No matter how much time I spend in Haiti, new adventures unfold in the most unexpected places. Today on a shopping trip to Port-au-Prince Lex stopped by the auto repair place to have them check his air conditioning. This was not routine maintenance; nothing gets attention in Haiti until it is broken. The air conditioner was kaput, which did not seem a problem until we got trapped in the snarl of Mariani Marketplace traffic and sat in sweat pools for the twelve mile, hour and a half trip to center city.
Conveniently (?) we had a bit of an mishap en route to the repair shop. A concrete truck clipped our rear driver’s side and smashed our brake light. Sure enough it was one of the Cemex drivers who poured the BLB roof back in July. So when we pulled into the auto repair yard we needed two fixes, and a quick call to Michel from Cemex took care of the cost of their damage. When you are with Lex, accidents are nothing more than cosmic opportunities to network with out-of-touch acquaintances.
The auto repair garage in Part-au-Prince has no garage. It is just a huge plane of oil-drenched earth behind a metal gate between the main road and the harbor, acres and acres of derelict cars that in any other country would be called a junk yard. There is a smattering of trees; each patch of shade represents the workshop where a particular mechanic and his associates toil. As we approach Lex’s guy the iconic Life Magazine photo of five guys hunched over the open hood of a car comes to life. A lot of eyes and arms wrangle with one engine. A pair peels away to assist Lex; he’s the kind of guy who gets immediate attention.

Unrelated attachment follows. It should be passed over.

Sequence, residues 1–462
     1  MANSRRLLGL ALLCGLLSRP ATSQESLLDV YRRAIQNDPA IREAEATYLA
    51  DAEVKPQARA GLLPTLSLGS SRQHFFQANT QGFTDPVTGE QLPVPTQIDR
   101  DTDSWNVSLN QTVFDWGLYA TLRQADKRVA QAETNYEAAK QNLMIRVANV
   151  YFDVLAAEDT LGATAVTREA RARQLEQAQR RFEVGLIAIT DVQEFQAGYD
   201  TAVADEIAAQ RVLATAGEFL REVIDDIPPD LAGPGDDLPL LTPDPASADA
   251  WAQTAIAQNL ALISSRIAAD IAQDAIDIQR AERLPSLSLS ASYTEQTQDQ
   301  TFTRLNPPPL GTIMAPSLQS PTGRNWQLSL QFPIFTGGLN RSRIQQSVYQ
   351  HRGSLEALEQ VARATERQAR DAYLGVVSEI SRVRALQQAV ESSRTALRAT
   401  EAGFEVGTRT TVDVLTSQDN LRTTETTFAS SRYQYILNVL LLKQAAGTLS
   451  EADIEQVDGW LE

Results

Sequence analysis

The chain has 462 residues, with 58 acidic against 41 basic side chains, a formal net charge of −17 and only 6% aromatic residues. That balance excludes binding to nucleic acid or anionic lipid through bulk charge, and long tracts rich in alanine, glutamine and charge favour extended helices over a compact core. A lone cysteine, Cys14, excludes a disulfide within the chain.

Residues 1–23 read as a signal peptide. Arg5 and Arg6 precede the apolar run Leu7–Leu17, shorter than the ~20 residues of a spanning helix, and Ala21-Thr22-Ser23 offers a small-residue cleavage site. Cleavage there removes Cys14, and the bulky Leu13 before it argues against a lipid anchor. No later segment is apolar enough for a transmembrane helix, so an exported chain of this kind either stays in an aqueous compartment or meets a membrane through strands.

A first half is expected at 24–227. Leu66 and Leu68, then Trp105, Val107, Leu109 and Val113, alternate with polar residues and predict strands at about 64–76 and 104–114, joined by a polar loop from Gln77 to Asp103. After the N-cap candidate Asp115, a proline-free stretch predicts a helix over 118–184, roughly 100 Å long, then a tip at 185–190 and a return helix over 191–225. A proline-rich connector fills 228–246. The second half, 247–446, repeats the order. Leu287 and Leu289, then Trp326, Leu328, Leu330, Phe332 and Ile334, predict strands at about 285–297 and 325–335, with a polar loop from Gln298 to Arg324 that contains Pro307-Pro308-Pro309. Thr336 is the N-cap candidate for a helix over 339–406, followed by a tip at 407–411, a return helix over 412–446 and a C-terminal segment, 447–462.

While we wait in the shade a vendor meanders by hawking floor mats, another has wiper blades. Hand held commerce thrives everywhere here. My favorite is the guy with a basket of 3-pack condoms and vials of energy boost. He sticks them in my face and pumps his arm with vigor, demonstrating the prowess he promises his customers. His excitement withers the moment I decline.
Among the wreckage is a battered station wagon with a vanity plate from the Haitian Association of Economists; no fiction writer would dare pen such obvious irony.
Like all workplaces in Haiti, the garage is a laconic place, repairs happen as they will, in and between casual conversations and loitering on bumpers. Welding sparks loop through the air, the occasional engine revs, it is a masculine preserve and the men within it are in no rush to venture beyond its gates to deal with a world far less rational than the internal combustion engine.
I have seventeen trips to Haiti. I have never been to the National Museum or Petionville or Labadi or the Plaine du Col de Sac or the Barancourt distillery. Actually, I’ve never been to any tourist attractions. But I’ve been to the garage in Port-au-Prince, which is not open to just anyone and is surely a more representative slice of Haitian male culture than any of the more famous sites offer.
The auto repair shop in Port-au-Prince